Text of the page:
Extending the Benefits of the Cancer Center to All in our State
By Beena Thannickal
The O’Neal Comprehensive Cancer Center has a long, rich history in addressing cancer health disparities; in fact, it has been recognized as one of the few cancer centers in the nation that effectively engages and has aproven track-record working with underserved populations.
In April of 2019, the outreach office officially changed its name to become the Office of Community Outreach and Engagement of the O’Neal Comprehensive Cancer Center at UAB. This is not just a name change but a whole new approach of how to reach the community in an effective manner.
“This change reflects the expansion in the scope of our efforts to improve cancer outcomes and eliminate cancer disparities for all cancer patients and populations of Alabama,” says Ravi Bhatia, M.D., interim director of the O’Neal Cancer Center. “This enhanced effort in community outreach and engagement is essential to disseminate findings from our research and provide access to our clinical services within our community, and to make an impact in areas most relevant to the patients and populations we serve.
“As the only National Cancer Institute-designated comprehensive cancer center in Alabama, UAB has an obligation to address our state’s cancer burden,” says Bhatia.
In order to facilitate a more formal and integrated approach, Monica Baskin, Ph.D., professor in the UAB Division of Preventive Medicine, has been appointed as the inaugural associate director for the Cancer Center and now oversees the Office. She has a long history and strong professional background of research focused on reducing health disparities in the Deep South.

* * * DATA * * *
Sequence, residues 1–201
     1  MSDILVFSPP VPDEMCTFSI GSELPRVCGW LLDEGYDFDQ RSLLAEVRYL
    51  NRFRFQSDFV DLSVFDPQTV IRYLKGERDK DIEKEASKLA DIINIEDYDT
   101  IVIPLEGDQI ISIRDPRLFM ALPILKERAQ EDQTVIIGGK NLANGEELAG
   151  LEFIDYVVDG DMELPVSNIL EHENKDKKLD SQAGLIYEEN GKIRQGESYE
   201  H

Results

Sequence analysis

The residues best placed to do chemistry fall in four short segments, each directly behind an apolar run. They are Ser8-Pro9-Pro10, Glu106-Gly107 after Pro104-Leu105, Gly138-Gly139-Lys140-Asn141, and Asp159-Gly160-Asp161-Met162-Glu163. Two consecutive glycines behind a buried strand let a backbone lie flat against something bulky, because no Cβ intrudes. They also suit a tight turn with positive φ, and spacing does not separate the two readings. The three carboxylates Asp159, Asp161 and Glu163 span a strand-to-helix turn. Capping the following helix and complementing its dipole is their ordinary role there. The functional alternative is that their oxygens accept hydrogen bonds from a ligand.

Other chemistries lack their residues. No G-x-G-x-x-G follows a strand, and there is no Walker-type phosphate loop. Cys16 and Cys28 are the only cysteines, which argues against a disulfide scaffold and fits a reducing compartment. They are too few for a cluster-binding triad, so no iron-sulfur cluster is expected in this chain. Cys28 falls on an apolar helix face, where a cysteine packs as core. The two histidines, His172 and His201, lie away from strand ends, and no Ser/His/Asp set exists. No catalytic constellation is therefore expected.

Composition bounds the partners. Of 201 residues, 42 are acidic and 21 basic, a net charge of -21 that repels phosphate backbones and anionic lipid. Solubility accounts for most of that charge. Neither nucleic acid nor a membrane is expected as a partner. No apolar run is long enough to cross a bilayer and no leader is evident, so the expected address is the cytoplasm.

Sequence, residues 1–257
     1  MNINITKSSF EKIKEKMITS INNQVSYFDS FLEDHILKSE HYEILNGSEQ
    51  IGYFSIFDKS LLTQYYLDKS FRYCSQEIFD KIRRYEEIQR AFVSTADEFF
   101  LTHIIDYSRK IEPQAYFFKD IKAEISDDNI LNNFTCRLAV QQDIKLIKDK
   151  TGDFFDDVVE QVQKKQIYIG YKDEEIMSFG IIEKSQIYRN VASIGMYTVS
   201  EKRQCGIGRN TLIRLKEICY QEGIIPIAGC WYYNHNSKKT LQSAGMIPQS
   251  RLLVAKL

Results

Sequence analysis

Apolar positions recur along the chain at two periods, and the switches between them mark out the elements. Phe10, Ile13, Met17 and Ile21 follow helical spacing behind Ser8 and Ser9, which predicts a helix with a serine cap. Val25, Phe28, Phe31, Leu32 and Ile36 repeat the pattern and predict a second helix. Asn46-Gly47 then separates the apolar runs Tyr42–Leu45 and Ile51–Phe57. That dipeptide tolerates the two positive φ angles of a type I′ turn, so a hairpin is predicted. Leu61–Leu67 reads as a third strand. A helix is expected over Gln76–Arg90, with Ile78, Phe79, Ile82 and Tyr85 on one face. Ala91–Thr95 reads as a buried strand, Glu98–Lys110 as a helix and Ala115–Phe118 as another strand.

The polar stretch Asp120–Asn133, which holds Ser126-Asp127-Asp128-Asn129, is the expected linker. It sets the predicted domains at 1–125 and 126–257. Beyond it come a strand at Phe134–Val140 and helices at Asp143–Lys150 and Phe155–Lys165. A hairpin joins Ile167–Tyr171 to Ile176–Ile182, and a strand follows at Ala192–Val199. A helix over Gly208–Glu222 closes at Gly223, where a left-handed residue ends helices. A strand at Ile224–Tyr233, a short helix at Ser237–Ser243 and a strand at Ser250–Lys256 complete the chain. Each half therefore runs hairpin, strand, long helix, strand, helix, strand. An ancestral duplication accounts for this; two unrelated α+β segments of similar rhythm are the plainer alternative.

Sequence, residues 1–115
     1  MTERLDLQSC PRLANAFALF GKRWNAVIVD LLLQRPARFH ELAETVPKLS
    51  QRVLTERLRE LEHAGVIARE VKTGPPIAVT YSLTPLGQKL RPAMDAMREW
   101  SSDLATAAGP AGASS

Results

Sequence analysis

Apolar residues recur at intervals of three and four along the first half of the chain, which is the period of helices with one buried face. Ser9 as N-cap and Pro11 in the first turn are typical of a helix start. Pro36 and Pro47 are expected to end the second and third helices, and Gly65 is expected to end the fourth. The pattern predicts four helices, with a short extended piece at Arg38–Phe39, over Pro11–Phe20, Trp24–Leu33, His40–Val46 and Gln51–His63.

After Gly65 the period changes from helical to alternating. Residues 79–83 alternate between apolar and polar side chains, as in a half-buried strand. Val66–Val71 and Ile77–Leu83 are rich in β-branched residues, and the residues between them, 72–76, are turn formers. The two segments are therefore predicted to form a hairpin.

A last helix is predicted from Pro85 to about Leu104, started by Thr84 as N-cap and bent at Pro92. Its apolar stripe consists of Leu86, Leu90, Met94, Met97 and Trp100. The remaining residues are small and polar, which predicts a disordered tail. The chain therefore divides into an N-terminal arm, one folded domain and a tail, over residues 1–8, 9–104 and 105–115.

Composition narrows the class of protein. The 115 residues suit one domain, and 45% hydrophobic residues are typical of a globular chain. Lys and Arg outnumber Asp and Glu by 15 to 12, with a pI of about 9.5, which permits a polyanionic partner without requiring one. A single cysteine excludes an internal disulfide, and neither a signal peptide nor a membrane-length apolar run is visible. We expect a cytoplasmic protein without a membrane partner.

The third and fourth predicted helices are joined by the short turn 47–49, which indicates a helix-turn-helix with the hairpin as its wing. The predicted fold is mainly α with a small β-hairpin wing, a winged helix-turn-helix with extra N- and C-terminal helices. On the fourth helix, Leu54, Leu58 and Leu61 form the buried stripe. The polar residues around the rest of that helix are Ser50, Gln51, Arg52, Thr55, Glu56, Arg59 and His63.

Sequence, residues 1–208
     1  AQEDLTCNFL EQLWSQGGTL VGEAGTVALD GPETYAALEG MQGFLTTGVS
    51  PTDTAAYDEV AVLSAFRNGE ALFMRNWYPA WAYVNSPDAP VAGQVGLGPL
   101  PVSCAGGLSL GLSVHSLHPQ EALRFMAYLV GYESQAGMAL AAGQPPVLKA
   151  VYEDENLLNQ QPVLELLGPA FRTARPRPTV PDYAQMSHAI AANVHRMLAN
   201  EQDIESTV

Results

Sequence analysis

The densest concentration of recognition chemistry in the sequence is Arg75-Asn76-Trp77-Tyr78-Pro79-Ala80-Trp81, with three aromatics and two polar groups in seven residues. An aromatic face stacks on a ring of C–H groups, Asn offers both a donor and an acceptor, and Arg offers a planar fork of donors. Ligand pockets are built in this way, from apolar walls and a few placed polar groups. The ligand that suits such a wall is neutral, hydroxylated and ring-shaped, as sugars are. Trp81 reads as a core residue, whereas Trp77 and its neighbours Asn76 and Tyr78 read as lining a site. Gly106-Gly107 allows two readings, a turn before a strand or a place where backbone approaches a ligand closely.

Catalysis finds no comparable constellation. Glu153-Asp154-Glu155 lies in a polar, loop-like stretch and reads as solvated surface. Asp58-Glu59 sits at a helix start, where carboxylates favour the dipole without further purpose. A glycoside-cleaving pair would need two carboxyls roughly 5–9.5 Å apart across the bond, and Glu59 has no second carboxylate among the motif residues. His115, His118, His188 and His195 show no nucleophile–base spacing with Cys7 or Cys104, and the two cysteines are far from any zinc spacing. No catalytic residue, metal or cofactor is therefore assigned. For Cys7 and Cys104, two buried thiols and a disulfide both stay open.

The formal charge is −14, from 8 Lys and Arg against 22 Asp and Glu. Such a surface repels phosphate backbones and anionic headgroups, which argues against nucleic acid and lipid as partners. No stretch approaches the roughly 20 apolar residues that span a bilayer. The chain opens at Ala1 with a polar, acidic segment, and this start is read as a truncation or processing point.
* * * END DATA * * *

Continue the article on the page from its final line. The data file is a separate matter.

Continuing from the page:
“Although cancer incidence and mortality overall are declining in all racial and ethnic groups in the United States, certain groups such as the African American community and those who live in rural communities,continue to be at increased risk of developing or dying from particular cancers,” says Baskin.
Alabama has the eighth highest cancer mortality rate inthe United States.
“Our vision is to improve cancer outcomes and eliminate cancer disparities for cancer patients and populations of Alabama so that everyone has a fair opportunity to lead a healthier life for as long as possible,” says Baskin. The Office will focus on scientific discovery, transdisciplinary engagement, linkage to patient care and education.
“We are still going to build upon what we have always done and done well, but our new focus is on the catchment area which is the entire state of Alabama. Our hope is to better understand the unique characteristics and needs of diverse populations in the state, recognizing that there are cancer disparities based on race/ethnicity, sex, rural residence, income and disability status across the state,” says Baskin.